Microsoft Office Tutorials and References
In Depth Information
A histogram is a chart (usually a simple column chart) that takes a collection of
measurements and plots the number of measurements (called the frequency ) that fall within each of
several intervals (called bins ).
To demonstrate how the Histogram tool works, we’ll use a table of 1,000 test scores. (The
input range must contain numeric data only.) To see a breakdown of the total scores
at 50-point intervals, begin by setting up the distribution bins shown in column F of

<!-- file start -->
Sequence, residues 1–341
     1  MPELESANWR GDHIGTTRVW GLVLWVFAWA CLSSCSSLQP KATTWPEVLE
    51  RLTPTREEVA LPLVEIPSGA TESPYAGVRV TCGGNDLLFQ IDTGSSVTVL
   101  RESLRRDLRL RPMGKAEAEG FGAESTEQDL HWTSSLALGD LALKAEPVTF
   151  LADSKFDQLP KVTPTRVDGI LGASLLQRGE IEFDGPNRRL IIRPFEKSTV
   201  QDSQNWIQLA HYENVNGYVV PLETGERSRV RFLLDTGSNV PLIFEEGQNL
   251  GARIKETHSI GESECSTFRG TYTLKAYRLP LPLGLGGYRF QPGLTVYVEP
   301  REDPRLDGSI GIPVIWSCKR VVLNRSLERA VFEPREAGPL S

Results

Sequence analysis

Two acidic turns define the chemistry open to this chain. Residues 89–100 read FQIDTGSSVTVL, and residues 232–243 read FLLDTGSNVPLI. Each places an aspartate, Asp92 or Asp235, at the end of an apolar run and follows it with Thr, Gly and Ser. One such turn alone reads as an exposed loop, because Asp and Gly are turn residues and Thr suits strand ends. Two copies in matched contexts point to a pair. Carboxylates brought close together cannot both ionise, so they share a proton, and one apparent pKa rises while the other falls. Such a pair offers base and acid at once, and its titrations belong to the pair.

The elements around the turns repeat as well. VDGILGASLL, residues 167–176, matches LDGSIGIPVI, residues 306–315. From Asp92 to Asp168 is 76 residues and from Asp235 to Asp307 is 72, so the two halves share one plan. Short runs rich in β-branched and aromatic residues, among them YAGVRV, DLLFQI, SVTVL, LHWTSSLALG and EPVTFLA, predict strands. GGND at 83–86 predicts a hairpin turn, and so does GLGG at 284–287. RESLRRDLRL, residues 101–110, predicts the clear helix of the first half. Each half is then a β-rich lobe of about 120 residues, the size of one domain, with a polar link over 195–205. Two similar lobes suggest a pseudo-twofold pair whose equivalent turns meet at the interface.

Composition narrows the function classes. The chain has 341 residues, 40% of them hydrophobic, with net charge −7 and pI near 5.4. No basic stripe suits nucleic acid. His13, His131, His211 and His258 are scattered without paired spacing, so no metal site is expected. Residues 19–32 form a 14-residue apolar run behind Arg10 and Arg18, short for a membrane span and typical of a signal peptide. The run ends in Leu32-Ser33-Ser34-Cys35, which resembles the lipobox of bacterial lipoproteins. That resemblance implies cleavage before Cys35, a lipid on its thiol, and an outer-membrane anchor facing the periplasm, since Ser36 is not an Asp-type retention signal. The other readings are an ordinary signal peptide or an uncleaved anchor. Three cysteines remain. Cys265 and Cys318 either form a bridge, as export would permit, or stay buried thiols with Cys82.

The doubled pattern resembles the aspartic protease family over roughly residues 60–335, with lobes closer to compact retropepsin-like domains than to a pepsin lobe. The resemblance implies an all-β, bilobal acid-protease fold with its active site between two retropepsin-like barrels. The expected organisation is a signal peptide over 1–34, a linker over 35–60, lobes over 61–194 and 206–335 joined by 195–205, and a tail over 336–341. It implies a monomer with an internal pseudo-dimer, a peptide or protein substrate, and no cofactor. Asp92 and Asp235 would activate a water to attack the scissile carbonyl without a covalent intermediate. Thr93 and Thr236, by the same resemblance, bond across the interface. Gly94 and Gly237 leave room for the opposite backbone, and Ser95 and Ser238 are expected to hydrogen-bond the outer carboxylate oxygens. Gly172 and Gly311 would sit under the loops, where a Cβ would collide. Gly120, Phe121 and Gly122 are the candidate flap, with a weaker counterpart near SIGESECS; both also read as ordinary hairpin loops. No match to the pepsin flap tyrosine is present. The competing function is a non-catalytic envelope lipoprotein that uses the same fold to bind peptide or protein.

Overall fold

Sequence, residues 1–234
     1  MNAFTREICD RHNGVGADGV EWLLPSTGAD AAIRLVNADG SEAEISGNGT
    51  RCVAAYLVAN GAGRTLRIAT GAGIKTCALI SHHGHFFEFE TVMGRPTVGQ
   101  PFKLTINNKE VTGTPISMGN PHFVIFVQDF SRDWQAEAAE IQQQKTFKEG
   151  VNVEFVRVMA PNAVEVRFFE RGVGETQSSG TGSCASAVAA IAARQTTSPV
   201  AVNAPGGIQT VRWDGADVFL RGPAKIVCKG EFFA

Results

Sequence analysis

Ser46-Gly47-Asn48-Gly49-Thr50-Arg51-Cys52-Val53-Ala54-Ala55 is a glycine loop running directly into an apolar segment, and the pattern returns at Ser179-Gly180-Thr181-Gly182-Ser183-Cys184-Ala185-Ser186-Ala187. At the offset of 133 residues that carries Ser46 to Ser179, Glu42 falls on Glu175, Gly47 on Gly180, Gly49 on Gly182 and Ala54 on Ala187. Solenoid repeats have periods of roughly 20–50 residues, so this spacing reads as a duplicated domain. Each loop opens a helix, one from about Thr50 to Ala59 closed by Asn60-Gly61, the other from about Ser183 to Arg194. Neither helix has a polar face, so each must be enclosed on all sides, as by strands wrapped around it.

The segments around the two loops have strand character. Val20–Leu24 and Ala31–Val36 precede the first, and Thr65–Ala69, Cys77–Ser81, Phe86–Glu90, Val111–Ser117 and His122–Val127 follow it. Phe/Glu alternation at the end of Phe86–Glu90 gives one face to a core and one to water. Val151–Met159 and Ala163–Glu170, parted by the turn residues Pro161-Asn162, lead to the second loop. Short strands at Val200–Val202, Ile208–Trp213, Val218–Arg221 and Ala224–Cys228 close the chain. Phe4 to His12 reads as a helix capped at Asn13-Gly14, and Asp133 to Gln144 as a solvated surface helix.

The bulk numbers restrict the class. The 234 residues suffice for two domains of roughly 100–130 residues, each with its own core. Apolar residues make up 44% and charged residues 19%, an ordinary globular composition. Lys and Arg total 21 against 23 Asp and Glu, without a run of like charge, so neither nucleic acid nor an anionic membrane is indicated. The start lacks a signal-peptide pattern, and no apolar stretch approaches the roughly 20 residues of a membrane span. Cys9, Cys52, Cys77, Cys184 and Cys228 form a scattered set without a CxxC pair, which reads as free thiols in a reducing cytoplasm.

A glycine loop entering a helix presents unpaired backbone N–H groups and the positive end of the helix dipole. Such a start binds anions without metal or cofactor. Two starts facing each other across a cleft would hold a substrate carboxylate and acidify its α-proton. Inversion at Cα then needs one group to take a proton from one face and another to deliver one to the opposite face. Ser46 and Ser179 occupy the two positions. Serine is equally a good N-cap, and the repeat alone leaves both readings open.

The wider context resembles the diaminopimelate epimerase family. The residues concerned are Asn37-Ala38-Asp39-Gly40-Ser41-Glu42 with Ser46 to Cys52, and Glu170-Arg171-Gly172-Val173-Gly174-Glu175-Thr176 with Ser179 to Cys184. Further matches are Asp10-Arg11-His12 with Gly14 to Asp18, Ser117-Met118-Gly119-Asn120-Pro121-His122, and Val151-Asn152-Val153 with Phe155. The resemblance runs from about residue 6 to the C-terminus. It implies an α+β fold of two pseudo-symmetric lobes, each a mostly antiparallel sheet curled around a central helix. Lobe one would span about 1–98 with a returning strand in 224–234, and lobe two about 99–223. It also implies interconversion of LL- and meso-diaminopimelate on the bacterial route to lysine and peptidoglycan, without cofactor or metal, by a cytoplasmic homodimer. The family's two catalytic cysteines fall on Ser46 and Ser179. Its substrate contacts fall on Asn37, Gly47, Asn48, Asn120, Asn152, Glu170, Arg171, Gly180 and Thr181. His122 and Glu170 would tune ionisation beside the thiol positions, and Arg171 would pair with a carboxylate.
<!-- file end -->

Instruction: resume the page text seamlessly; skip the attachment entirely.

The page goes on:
Figure 17-8 Column F contains the distribution bins.
The distribution bins don’t have to be equally spaced like the ones in Figure 17-8 are, but
they must be in ascending order. Click the Data Analysis button on the Data tab, select the
Histogram tool, and then click OK. Figure 17-9 shows the Histogram dialog box.
The Histogram tool can take three items of information: the location of the data (in this
case, $D$2:$D$1001), the location of the bins ($F$2:$F$23), and the upper-left cell of the
range where you want the analysis to appear ($G$1). After you click OK, Excel pastes the
analysis report in columns G and H, as shown in Figure 17-10.